16.  During a scuffle in Ombric’s library, the moonbeam was injured. He told Ombric that Nightlight said his game was most tricky and to never fear.  Moonbeam admitted that he had a “scaredy feeling” but was stronger by the telling of the tale. Does telling about one’s fears help? If it does, why?

17.  Ombric, North, and Katherine became very close friends. They seemed to be able to sense each other’s thoughts. Is it possible to know someone so well that one can communicate with another without speaking? What is so special about friendship?

18.  How did the children’s strength against Pitch strengthen Nightlight, which in turn brightened his light?

19.  When Pitch touched Nightlight, Pitch’s hand turned to a flesh color. Discuss the implications of this change.

20.  What is a bovine? Who is the intergalactic bovine creature that on occasion jumps over the moon?

21.  North is intrigued by E. Aster Bunnymund’s choice of surrounding himself with what tempts him the most—chocolate.  Why does North find this so important? What does it tell you about E. Aster’s personality? What happens to E. Aster Bunnymund when he eats chocolate?

22.  As Nightlight was kept captive by Pitch in the lead cage, Nightlight’s light began to dim as the lead absorbed it. Unknown to Pitch, someone else was in the cage. Who was in the lead prison with Nightlight? What did this creature do to brighten Nightlight’s light?

23.  North and Katherine arrived at Easter Island and met E. Aster Bunnymund. When they asked for help, E. Aster Bunnymund was not interested in helping. North decided to find the relic using his sword. After he found the relic he attempted to take it but was stopped by E. Aster Bunnymund. What did North learn of the origin of the egg relic? What was so special about the egg?

24.  Katherine was able to convince E. Aster Bunnymund to assist them by telling him that Pitch and the fearlings don’t like chocolate. She wasn’t sure that was true, but it sounded good. Is it right to tell a lie to convince someone’s change in mind? Did her lie help her get what she wanted?  What is she learning if this is true? Is it ever acceptable to lie?

25.  North and E. Aster argued over who was going to rescue the children Pitch had captured. The argument stopped when Kailash walked into the room. How did her arrival change the situation? Who benefited from her arrival, North and Katherine, E. Aster Bunnymund, and/or Kailash?

26.   E. Aster Bunnymund has not had contact with humans in many years and he is the last of the Pookas. He insists he must work alone. Has he been alone for so long he doesn’t remember what friendship is or how to work with others? Is it hard to work with others? Do you have to be friends to work well together?

27.  Pitch’s lair was described as being “like the fabled box of Pandora.” What was Pandora’s box and how did this help to describe Pitch’s lair?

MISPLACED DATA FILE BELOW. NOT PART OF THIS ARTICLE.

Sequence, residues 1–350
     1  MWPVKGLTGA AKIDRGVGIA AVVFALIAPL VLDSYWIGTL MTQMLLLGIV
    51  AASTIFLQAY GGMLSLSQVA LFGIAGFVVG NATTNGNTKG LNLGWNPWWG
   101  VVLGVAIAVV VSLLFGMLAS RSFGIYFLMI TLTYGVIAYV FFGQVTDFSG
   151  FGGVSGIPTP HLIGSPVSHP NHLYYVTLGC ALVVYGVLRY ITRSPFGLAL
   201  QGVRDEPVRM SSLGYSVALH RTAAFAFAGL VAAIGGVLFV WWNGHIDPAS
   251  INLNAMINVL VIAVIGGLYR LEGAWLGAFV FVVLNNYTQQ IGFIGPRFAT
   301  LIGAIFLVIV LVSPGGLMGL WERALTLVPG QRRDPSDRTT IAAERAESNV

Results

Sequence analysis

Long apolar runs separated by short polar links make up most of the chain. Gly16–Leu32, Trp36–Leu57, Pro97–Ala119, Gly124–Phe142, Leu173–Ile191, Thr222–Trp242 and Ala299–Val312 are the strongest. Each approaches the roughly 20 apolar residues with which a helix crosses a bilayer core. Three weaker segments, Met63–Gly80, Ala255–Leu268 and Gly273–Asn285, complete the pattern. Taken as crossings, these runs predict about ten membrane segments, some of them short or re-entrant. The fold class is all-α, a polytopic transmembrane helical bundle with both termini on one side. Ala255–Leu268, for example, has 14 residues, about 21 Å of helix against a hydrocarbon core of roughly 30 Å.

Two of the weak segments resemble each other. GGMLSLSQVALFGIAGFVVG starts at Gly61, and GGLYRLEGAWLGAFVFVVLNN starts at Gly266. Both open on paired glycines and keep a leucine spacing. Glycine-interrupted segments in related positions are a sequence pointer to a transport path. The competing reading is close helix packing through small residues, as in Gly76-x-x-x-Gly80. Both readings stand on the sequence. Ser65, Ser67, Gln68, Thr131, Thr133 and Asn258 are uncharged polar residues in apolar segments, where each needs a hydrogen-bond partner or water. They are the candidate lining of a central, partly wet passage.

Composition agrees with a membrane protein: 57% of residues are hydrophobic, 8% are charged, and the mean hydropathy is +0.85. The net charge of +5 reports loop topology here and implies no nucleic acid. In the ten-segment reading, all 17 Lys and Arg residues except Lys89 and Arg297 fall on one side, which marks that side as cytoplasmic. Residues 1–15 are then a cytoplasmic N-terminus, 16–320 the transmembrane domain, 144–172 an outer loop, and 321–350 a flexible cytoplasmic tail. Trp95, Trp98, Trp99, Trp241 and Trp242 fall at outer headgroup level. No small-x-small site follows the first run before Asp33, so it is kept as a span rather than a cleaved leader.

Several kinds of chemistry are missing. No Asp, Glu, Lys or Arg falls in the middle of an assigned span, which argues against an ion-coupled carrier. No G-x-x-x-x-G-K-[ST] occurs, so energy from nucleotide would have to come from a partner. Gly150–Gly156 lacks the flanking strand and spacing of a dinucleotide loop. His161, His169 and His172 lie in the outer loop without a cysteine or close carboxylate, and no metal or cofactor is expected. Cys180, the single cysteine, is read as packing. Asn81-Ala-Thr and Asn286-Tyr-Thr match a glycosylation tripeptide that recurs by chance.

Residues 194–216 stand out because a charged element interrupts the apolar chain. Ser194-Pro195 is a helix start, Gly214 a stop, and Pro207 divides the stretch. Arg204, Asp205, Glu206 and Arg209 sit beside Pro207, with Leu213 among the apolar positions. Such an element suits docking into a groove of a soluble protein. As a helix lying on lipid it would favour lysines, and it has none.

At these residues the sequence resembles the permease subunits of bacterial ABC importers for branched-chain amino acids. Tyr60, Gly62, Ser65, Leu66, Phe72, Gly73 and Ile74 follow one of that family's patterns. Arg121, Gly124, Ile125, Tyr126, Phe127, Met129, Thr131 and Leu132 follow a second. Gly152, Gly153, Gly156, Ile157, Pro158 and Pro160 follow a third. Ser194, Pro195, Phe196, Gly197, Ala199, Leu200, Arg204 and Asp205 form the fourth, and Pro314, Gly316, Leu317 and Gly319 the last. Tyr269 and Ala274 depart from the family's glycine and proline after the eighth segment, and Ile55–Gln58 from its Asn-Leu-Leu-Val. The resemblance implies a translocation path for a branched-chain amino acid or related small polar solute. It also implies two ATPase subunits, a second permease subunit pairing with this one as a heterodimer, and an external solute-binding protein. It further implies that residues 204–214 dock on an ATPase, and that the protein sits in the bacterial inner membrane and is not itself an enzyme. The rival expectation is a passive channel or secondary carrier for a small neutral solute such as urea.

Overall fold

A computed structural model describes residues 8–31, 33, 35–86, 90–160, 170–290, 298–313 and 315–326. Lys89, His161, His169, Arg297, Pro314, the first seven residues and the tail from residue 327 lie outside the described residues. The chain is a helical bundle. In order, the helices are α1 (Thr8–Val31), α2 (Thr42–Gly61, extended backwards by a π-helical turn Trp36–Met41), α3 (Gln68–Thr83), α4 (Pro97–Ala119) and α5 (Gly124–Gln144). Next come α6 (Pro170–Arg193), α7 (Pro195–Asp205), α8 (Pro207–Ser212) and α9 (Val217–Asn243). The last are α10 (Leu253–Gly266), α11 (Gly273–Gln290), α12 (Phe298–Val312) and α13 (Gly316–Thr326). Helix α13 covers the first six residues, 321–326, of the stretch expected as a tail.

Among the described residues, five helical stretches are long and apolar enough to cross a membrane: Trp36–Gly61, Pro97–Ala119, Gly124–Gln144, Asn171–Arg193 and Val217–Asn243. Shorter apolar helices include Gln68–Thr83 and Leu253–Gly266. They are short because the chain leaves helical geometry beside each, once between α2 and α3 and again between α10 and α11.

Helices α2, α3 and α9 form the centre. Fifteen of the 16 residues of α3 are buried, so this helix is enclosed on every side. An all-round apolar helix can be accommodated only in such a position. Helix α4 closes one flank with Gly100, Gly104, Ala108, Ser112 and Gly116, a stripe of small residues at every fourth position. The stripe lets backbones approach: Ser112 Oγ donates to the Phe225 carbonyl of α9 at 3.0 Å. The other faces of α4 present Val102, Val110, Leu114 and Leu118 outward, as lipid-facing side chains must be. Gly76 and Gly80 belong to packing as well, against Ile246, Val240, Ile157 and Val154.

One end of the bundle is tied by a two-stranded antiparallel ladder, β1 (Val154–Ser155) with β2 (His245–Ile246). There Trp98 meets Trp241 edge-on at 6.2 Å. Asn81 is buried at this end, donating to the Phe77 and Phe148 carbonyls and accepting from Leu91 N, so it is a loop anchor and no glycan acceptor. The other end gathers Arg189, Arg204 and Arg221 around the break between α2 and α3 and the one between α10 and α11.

28.  Pitch had discovered a new way to make his Fearlings more powerful and able to go out into the daylight. As the children uncover what Pitch was up to, they become scared. Petter reminds the children that if they are afraid, it only makes Pitch stronger. How could that happen? What can they do to help themselves be brave?

29.  E. Aster Bunnymund found himself getting excited about having an adventure with North and Katherine. He thought that there was something to be said about having an adventure. What did he mean by this? 

30.  As Katherine looked at Pitch’s locket, she wondered if the locket might be a more powerful weapon than daggers. What was her reasoning for this? What experience in her life brought her to this conclusion?

31.  Compare and contrast the Fearlings before and after they have their armor. What were they able to do after they had the armor that they couldn’t do before? Are they more dangerous.

32.  During the very chaotic fight in Pitch’s lair, Katherine, North, and Bunnymund realized they needed extra help from Ombric. How were they able to communicate their need to Ombric during the battle? How did their need help Ombric regain his strength? Are there other stories where people are able to communicate in the same way as these friends?

33.  Several times during tense moments, North tells jokes. What is the purpose of these jokes? How do they help the circumstances the characters are in? 

34.  North had been taught by the Cossacks “to let the villain make the first move.” Is this good advice? Why or why not?

35.  When Pitch was trying to enslave the children again, North jumped between them. Rather than try to use the sword as he normally would, this time North commanded the sword to do what needed to be done. What had North learned about his sword? Was this something he learned through his experiments in the beginning of his studies of the sword? Was this something that he was told the sword would do? How did he know what to do with his sword in this particular moment?

36.  At the climax of the battle, instead of killing Pitch, Katherine had a different idea. How did she manage to end the battle without any of the main characters being killed? Was this an appropriate solution? Should she have let the others kill Pitch and be done with him? Why or why not?

37.  Katherine discovered the importance of writing to help her understand and heal. This new force within her allowed her to view her life in a new way. Have you ever had a sense of relief as you write? Does writing help you to organize your thoughts so you can understand things better? Are there other ways in which one can express one’s thoughts to better understand something or to help oneself heal from an experience? Compare how the children deal with their experiences to how Katherine does.